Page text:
Sikh peer quits BBC Radio programme for censoring his address

Oct 05, 2019

Sikh peer quits BBC Radio programme for censoring his address

London, [UK], Oct 4 (ANI): 87-year-old Sikh peer Lord Singh, who is popularly known as Indarjit Singh to his listeners, has accused BBC of "prejudice and intolerance" after it tried to prevent him from broadcasting an item commemorating an executed Sikh guru who had opposed the forced conversion of Hindus to Islam under the Mughal emperors of India in the 17th century.
The Times reported that Lord Singh of Wimbledon has quitted `Thought for the Day' after being associated with it for 35 years, in protest of the corporation stating that some of his talks "might offend Muslims".
He also hit out at the BBC's 'misplaced sense of political correctness' that forces contributors to only say non-controversial statements that no listener could complain about.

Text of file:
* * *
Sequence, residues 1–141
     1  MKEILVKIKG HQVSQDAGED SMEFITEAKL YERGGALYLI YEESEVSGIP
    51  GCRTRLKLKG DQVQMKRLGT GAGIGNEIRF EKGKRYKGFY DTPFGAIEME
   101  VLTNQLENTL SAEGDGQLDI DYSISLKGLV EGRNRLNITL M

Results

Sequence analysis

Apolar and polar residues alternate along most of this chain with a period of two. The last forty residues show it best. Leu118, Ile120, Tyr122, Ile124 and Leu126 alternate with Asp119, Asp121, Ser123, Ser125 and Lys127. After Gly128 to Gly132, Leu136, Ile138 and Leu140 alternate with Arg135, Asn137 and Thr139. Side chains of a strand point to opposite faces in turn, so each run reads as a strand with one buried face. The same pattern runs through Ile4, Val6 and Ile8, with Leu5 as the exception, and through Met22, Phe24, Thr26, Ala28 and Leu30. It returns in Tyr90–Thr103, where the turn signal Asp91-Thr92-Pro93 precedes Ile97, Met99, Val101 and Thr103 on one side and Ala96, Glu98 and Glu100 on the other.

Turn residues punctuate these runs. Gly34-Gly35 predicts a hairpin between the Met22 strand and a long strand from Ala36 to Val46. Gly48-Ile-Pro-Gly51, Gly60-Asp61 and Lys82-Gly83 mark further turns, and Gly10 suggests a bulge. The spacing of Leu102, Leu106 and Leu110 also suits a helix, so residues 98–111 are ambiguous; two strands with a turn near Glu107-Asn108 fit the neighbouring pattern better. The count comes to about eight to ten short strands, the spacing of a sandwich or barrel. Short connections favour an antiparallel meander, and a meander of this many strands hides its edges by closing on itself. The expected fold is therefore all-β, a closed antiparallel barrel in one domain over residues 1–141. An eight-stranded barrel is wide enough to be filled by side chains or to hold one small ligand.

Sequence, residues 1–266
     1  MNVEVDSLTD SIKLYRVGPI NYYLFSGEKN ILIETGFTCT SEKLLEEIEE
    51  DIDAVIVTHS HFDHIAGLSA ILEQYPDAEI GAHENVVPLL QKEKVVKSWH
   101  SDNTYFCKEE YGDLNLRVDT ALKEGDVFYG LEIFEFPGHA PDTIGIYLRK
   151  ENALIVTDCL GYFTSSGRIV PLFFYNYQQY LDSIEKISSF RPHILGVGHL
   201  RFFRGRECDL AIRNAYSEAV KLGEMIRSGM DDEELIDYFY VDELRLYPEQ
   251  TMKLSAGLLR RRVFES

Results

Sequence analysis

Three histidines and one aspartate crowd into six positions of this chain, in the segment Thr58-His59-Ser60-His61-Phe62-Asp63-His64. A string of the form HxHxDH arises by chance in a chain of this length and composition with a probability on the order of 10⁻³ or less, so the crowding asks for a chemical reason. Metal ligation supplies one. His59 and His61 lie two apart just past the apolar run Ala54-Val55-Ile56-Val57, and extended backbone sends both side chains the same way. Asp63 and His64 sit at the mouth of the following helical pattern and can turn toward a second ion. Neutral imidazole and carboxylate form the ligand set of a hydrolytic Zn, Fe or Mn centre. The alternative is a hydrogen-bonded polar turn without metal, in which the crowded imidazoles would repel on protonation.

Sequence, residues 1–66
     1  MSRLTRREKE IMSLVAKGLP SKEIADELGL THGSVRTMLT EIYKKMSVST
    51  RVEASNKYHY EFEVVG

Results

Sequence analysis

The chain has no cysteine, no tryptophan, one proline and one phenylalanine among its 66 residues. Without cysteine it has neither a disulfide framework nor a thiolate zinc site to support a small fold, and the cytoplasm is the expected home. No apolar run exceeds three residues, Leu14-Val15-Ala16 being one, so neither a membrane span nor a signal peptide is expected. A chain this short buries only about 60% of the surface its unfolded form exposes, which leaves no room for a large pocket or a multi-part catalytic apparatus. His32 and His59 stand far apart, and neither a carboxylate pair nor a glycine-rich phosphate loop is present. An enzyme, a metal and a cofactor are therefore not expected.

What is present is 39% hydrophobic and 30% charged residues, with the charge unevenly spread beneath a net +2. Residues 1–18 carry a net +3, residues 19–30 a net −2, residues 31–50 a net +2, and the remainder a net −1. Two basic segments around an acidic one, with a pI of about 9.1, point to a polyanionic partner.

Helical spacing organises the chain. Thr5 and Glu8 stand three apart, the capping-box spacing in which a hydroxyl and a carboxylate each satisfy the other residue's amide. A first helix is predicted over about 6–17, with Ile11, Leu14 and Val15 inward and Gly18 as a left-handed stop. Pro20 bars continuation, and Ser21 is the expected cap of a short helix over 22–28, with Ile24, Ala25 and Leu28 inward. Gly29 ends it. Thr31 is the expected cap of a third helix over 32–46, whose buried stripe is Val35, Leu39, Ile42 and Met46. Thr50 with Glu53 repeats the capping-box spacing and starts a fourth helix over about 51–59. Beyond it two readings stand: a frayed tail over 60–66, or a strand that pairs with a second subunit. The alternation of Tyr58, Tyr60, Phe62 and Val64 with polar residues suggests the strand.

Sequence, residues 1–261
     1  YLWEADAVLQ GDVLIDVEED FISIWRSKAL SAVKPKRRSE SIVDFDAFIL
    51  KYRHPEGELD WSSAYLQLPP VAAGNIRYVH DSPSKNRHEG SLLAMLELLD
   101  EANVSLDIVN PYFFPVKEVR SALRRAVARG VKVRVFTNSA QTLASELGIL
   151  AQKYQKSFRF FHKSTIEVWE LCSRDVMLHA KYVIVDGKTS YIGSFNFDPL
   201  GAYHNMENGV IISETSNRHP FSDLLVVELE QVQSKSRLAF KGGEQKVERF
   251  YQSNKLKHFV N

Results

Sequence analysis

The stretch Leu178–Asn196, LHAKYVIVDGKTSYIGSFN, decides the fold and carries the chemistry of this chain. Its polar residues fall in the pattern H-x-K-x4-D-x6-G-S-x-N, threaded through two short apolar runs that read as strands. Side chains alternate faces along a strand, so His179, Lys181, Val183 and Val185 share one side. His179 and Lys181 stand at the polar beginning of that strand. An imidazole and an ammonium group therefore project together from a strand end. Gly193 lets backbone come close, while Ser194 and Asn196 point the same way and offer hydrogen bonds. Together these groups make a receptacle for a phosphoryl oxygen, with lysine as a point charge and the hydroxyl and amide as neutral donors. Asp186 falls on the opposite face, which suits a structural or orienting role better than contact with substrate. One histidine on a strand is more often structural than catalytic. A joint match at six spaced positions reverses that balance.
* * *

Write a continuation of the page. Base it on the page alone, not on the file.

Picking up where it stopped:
Lord Singh told the newspaper: 'It was like saying to a Christian that he or she should not talk about Easter for fear of giving offence to the Jews.'
Lord Singh was let go after he threatened to quit instead of having his religious teachings insulted.
He was not informed of anyone listening being offended by his broadcast.
After leaving, Commission for Racial Equality advisor Lord Singh complained about his treatment but a review by BBC director of radio James Purnell rejected his complaint.
Lord Singh told the newspapers: "The need for sensitivity in talking about religious, political or social issues have now been taken to absurd proportions with telephone insistence on trivial textual changes right up to going into the studio, making it difficult to say anything worthwhile."
"The aim of Thought for the Day has changed from giving an ethical input to social and political issues to the recital of religious platitudes and the avoidance of controversy with success measured by the absence of complaints." (ANI)